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  • 1.
    Efverström, Anna
    et al.
    University of Gävle, Faculty of Health and Occupational Studies, Department of Health and Caring Sciences, Sports science. Gymnastik- och idrottshögskolan, Stockholm.
    Ahmadi, Nader
    University of Gävle, Faculty of Health and Occupational Studies, Department of Social Work and Psychology, Social work.
    Bäckström, Åsa
    Gymnastik- och idrottshögskolan, Stockholm.
    Hoff, David
    Lunds universitet.
    Anti-doping and legitimacy: An international survey of elite athletes’ perceptions2014Conference paper (Refereed)
    Abstract [en]

    Although there are a number of studies on policy making concerning doping and anti-doping in elite sports, the athletes’ perspective has largely been neglected. The present study contributes to bridging this gap. Since forming and developing the anti-doping policy utterly depends on how legitimate the practitioners believe this policy to be, the specific aim for this paper is to study how elite athletes at the broad international arena perceive the legitimacy of anti-doping policy and practices. An on-line questionnaire, designed to capture elite athletes’ perceptions, was answered by 261 respondents from 51 different countries and four international sports federations. Respondents were elite athletes belonging to the International Registered Testing Pool of each federation. The respondents were generally supportive towards anti-doping policy. Over 80% agreed that different anti-doping activities, from doping controls and the whereabouts system to storing of test samples and biological passports, are essential parts of the work against doping in sports. Support for anti-doping policy is also shown when 80% of the athletes agreed that anti-doping work should develop in a way that there is the same level of, or more, anti-doping activities compared to the current. The principle of anti-doping is, in this study, shown to be legitimate. However, at the level of practices, four areas were perceived as challenging. Regarding practical procedures, 34% experienced difficulties filing whereabouts information and 73% felt worried that they won’t be available for testing at the right place and right time in correlation to the whereabouts information they had provided. Concerning the athletes’ personal life and privacy, 50% of female athletes and 30% of males stated that they feel somewhat or very uncomfortable regarding their privacy when providing a urine sample. Furthermore, in regard to the whereabouts system, 47% of the respondents stated that they feel monitored. The efficacy and equality of anti-doping work is put under question by 58% who believed that users of forbidden substances/methods escape detection and 44% who did not believe that the whereabouts system is working properly in all countries. 70% of the respondents did not believe that all athletes applying for a therapeutic use exemption are treated in the same way. Regarding the athletes influence and participation in the policy work, 85% believe that athletes should be more involved. These four areas can be seen as unintended consequences of the work and reveal a weak point for the legitimacy of anti-doping when the athletes not fully perceive procedural justice. In conclusion, legitimacy for anti-doping policy in general is strong while a questioning of the legitimacy in the execution of the rules is discerned. If anti-doping authorities wish to maintain and increase the legitimacy of the anti-doping efforts, a thorough understanding for and consideration of the athletes’ perceptions is beneficial.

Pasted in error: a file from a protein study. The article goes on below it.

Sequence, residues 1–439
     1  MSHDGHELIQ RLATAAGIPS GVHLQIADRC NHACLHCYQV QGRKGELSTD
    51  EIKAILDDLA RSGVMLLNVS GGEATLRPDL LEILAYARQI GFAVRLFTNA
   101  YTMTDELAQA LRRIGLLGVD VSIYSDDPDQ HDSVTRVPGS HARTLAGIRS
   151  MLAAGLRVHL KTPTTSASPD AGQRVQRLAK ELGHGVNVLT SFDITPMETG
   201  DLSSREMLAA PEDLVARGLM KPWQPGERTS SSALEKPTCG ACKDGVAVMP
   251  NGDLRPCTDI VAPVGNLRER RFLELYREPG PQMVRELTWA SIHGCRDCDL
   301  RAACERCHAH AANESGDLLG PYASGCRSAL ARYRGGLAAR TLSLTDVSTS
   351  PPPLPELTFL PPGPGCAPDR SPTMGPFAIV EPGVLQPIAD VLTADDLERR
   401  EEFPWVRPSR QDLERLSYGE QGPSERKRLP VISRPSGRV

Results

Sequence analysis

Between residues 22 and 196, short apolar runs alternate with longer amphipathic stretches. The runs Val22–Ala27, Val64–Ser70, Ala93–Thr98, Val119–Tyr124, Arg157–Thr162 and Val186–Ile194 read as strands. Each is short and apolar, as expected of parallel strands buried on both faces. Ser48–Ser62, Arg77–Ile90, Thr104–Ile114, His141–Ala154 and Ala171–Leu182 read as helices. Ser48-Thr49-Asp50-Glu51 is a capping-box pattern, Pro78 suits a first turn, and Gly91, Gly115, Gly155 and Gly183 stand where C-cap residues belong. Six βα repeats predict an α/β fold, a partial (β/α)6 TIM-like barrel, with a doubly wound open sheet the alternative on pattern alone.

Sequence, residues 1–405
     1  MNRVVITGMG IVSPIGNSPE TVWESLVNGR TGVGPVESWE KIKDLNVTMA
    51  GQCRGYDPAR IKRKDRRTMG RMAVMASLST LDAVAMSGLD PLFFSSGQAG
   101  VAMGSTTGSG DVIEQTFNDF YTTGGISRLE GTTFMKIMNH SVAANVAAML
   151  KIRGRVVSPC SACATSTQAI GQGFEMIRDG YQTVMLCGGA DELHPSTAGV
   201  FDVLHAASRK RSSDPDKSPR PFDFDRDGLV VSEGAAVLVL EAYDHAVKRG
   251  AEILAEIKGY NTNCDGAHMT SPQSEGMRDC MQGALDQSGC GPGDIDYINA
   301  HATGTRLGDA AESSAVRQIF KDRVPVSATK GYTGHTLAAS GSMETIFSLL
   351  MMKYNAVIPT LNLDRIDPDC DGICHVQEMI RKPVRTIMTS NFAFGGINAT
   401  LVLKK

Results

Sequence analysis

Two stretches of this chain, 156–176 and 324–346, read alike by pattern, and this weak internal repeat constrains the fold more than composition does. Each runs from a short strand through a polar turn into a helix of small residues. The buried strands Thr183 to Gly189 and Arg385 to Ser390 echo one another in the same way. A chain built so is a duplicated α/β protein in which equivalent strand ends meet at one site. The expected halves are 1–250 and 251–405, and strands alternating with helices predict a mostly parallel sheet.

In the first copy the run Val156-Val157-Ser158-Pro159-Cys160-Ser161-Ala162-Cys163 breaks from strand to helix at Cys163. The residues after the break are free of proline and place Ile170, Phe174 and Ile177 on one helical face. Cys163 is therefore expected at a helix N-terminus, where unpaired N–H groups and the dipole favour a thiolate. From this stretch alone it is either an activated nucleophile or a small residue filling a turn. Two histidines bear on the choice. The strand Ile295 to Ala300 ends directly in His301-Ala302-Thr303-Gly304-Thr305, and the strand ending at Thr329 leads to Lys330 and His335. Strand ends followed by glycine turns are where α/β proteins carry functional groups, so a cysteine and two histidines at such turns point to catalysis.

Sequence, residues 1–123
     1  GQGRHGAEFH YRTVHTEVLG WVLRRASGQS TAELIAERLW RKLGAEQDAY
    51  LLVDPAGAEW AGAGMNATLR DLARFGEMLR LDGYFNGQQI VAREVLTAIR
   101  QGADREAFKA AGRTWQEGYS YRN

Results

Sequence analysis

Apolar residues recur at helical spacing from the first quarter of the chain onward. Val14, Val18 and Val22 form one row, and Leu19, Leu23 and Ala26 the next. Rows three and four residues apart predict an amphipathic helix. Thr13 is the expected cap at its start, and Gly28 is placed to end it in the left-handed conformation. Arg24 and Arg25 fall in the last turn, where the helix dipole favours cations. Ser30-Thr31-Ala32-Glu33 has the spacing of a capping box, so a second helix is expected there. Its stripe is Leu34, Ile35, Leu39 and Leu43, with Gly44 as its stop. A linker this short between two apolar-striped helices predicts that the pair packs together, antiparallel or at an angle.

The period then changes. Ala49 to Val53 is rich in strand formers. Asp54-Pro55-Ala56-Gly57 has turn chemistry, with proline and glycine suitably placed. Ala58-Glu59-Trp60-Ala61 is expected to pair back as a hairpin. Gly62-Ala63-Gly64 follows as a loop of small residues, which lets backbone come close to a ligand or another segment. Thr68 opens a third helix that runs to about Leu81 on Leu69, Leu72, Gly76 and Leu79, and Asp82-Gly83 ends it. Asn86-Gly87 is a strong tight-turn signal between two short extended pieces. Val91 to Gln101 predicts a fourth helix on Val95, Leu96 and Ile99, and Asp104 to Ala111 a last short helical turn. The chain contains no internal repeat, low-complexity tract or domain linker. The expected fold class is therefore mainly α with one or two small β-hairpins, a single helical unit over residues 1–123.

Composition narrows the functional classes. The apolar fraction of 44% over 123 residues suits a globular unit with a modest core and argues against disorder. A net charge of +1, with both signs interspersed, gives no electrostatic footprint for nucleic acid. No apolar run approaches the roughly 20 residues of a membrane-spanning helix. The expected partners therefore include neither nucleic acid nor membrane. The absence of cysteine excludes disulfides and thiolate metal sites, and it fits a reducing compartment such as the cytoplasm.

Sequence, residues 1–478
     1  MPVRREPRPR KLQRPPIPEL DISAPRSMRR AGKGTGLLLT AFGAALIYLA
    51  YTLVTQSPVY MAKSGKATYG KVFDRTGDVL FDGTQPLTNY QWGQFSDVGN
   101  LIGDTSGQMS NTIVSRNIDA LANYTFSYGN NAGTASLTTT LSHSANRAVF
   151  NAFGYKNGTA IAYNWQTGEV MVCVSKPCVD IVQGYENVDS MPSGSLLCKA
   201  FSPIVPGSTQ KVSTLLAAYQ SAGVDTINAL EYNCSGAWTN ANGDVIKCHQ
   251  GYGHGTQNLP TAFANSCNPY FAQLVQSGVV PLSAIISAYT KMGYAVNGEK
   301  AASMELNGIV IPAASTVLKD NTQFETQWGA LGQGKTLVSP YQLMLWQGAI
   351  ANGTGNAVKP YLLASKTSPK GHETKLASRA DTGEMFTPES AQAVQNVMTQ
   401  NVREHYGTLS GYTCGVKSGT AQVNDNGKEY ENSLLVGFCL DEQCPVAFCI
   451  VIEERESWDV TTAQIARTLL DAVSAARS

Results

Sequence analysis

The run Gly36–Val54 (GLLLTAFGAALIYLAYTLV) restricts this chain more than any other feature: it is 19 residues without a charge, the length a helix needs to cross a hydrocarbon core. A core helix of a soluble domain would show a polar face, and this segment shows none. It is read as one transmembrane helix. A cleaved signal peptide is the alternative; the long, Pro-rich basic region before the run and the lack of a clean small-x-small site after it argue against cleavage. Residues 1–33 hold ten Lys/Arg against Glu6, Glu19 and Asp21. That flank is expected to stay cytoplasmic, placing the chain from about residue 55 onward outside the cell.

• 2.
    Efverström, Anna
    et al.
    University of Gävle, Faculty of Health and Occupational Studies, Department of Health and Caring Sciences, Sports science. Swedish School of Sports and Health Sciences, Stockholm, Sweden .
    Ahmadi, Nader
    University of Gävle, Faculty of Health and Occupational Studies, Department of Social Work and Psychology, Social work.